Break-up of Comet ISON would be no danger to Earth

The Hubble Space Telescope captured this view of Comet ISON on May 8, 2013.Comet ISON is drawing nearer, and although we know quite a bit about it already, there's still a lot of speculation about exactly what will happen with this supposed 'Comet of the Century' as it whips around the sun.

Since ISON is a 'sungrazing' comet, there's a chance that it won't survive its pass around the sun in late November. The intense heat it experiences when it's that close to our parent star could cause it to break apart into fragments. News like that often causes some worry, as we've all, no doubt, been treated to stories (either sci-fi or just someone 'spinning a tale') where that's when things go horribly wrong for the people of planet Earth.

However, as a new video from the team that runs the Hubble Space Telescope tells us, even if Comet ISON does break up, we're going to be in no danger. That's because the fragments would stay on the exact same path that the comet would have followed if it stayed intact:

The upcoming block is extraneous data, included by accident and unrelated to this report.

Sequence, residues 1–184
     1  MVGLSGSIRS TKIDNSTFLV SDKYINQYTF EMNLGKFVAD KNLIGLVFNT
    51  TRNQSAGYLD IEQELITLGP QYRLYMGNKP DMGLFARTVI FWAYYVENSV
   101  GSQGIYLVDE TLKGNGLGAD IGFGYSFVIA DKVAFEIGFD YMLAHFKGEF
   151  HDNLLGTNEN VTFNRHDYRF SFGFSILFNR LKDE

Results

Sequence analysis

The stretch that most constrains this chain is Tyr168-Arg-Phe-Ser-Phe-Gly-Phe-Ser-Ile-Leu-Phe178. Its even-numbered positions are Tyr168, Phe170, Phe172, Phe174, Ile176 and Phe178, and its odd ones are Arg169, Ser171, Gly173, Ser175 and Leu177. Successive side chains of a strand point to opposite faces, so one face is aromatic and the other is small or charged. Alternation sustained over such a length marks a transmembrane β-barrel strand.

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Currently, Comet ISON is still out beyond the orbit of Mars. You can check out its location and path using a great online interactive simulator, located at SolarSystemScope.com. It's already visible to telescopes here on Earth (look in the constellation Cancer in the hours before sunrise), and it will be making a very close pass over Mars' north pole at the beginning of October. That should provide a great show to the satellites and rovers there, and give us a great preview for the show we'll be able to see in the months to come.

(Image courtesy: NASA, ESA, J.-Y. Li (Planetary Science Institute), and the Hubble Comet ISON Imaging Science Team)

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